In July 2002, I was invited by my friends, Jack and Donna McLaughlin to share their vacation and travel with them to San Antonio, Texas, where we would attend the American Spaniel Club Summer National Specialty Show. I jumped at the chance, since I had only ever travelled as far south as Georgia.
We started our trip by heading west to Cincinnatti, Ohio, where we stopped at a place called Trader's World, a huge indoor and outdoor flea market. It is owned by the nephew of Henry Clay Frick's, a relative of Jack's, so we had a nice visit, as well as getting some really great bargains. The owner was supposedly at one time listed in the Guinness Book of World Records for having built the largest lawn mower in the world by connecting together a lot of regular lawn mowers. Apparently he made it to mow the grass on the world's first sod farm, which he owned also.
We turned south the next morning and travelled through Kentucky and Tennessee. We stopped at the childhood home of Abraham Lincoln. It was closed, but we were able to take turns standing in front of it and taking each others photos. What a feeling of history!
We stopped at a roadside rest in Alabama, I think, where they had one of the earlier NASA rockets on display.
We pushed hard to get to New Orleans because Jack wanted to taste Gumbo. After being lost and wandering around in New Orleans a bit, we finally found the French Quarter. It was a lot of walking in the heat for me, but I'm really glad we did. We bought souveniers in a little gift shop, and Donna and I bought, among other things, the bead necklaces that we saw hanging in the trees all along the route where the Mardi Gras parades go. Imagine our chagrin when we found that they are the necklaces that people throw to the women who bare their ******!!! We sat and ate snow cones on a bench while watching the boats on the Mississippi River.
We crossed the river near there and I think it was just inside Texas where Jack stopped to show us a place called the Tiger Truck Stop. They had cages of tigers on view there. The tigers were really beautiful, fat and healthy, though they looked rather bored by it all.
As we went around Houston, there was a terrrific thunderstorm that dumped huge amounts of water on us as we were stuck in a traffic jam. We were hoping that there wasn't a flash flood to wash us off the road.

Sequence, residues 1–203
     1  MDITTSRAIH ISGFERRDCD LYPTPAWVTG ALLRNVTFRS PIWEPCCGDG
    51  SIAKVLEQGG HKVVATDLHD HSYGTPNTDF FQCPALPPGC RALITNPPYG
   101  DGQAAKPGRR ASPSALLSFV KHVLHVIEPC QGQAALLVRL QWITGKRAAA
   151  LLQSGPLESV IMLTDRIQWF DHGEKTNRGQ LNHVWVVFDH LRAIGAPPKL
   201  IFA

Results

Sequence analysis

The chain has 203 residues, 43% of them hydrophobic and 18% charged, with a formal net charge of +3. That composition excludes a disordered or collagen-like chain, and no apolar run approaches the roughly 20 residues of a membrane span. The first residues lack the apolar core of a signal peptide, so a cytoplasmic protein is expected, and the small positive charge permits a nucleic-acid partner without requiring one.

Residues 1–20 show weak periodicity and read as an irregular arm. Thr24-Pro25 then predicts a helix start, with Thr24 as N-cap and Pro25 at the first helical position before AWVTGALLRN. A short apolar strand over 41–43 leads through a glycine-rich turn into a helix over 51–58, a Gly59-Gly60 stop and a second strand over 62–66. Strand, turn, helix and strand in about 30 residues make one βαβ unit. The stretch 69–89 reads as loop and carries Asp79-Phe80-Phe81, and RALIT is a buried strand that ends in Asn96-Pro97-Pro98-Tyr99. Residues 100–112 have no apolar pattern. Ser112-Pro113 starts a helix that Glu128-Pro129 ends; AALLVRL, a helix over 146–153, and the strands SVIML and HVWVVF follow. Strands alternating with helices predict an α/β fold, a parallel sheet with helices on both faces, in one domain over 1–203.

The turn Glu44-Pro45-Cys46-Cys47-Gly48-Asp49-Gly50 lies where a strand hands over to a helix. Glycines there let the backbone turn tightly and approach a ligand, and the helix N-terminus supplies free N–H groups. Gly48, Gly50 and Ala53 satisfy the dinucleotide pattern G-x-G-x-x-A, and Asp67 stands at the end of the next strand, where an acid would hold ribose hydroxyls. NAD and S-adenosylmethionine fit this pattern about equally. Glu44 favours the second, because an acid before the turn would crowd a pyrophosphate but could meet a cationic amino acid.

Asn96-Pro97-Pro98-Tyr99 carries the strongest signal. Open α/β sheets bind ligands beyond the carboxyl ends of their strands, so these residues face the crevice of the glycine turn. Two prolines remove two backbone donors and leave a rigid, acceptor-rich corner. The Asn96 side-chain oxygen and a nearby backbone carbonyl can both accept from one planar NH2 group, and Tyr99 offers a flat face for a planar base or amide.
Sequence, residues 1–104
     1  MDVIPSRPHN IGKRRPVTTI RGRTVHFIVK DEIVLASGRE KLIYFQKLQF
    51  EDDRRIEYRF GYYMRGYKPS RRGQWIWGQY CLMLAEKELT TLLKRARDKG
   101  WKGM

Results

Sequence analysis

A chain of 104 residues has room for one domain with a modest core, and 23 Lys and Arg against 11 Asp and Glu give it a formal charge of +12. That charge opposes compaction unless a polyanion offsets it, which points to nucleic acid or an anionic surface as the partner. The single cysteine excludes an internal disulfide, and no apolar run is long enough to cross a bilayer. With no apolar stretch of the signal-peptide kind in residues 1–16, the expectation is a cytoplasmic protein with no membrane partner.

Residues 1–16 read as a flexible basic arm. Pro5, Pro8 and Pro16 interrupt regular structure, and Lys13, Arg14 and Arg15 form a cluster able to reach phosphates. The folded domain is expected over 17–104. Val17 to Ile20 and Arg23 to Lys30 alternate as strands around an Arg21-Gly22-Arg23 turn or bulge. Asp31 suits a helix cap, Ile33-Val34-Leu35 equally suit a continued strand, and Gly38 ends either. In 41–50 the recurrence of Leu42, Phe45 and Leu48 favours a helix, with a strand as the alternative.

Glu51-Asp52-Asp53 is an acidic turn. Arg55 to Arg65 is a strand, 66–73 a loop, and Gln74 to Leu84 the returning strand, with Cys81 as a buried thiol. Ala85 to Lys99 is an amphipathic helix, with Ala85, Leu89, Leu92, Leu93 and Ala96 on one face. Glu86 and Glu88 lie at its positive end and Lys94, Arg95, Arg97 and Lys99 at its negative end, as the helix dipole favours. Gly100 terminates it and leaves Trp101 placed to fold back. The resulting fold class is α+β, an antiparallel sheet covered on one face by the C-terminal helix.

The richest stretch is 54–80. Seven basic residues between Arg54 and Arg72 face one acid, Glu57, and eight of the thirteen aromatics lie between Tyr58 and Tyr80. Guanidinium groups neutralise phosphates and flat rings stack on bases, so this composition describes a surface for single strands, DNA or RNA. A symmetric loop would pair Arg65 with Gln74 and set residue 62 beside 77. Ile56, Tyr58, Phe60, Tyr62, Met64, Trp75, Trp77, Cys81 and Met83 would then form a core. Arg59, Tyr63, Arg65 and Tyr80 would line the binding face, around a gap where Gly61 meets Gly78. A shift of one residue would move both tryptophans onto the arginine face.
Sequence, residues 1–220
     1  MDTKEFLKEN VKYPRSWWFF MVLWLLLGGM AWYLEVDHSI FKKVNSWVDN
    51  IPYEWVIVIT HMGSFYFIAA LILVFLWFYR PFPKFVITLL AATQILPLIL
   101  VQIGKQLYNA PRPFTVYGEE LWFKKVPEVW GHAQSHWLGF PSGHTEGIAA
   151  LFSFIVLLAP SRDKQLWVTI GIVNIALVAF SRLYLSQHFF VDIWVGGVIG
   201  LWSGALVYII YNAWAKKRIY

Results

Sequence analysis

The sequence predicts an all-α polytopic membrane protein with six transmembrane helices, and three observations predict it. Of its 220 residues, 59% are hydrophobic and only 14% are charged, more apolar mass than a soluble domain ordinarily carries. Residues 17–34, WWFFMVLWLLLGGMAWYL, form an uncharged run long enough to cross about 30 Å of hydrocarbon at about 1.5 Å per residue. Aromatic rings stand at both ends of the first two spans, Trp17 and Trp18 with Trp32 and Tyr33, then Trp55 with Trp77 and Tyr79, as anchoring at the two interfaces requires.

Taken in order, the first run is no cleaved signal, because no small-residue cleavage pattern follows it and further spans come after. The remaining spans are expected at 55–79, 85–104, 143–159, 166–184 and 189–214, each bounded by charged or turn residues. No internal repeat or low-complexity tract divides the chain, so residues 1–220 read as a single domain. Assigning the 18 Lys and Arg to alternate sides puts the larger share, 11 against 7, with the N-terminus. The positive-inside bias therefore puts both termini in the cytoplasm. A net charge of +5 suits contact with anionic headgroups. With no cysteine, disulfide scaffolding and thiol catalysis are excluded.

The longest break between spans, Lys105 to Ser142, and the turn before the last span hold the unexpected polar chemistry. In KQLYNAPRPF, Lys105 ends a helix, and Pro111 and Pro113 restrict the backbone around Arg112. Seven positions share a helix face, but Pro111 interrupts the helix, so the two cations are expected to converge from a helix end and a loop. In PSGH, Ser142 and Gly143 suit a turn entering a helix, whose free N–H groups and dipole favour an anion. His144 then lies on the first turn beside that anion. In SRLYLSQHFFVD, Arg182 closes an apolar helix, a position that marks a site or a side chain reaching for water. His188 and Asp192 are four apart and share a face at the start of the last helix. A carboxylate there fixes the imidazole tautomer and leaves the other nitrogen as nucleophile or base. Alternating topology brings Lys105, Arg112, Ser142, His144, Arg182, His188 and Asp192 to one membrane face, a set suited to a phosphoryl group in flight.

We finally got close to San Antonio, and spent the last night in the town Seguin, where I went alone to the restaurant next to the motel for a quick dinner while Jack and Donna went to do laundry. Sitting two booths away was what you would think of as the typical movie cowboy hero, from his broken down dusty boots to his cowboy hat. In his tight-fitting jeans and western shirt unbuttoned halfway down his tanned chest, squint lines around his eyes, it was enough to make a woman drool when he drawled out his order to the waitress with a sprinkle of "Ma'am's" . Then he went and spoiled it all by pulling the cell phone out of his pocket to call his girl friend. Sigh..
The next day we arrived in San Antonio and went to our room in the historic Menger Hotel, built only a few years after the battle of the Alamo. It is said to be haunted, and was even featured on the History Channel's History's Mysteries. We didn't meet the resident ghosts, but did hear a lot of bumping and banging in he walls. I was hoping to see one, but alas, the ghosts were in cooler climes I guess.
It was an easy walk over to the Alamo across the street, and I walked over several times. Being a child of the 50's, and raised on Davy Crockett, and John Wayne, I loved the Alamo. But the feeling there was almost palpable, you could almost see the brave men who died there, and smell the gun powder. I spent a lot of time sitting on a bench in the garden area where people were walking from place to place. There was a reverence coming from all of them, everyone spoke in hushed voices, the kids instinctively seemed to know that this was no place to be rambunctious.
We spent some time at the dog show too, but I was just more interested in Historic San Antonio. Then Donna received some bad family news from home and the next day we started home. It was a somber trip home, and mostly we just travelled, wanting to get home.
Below are some photos we took on our trip, a trip I'd like to make with Larry some day.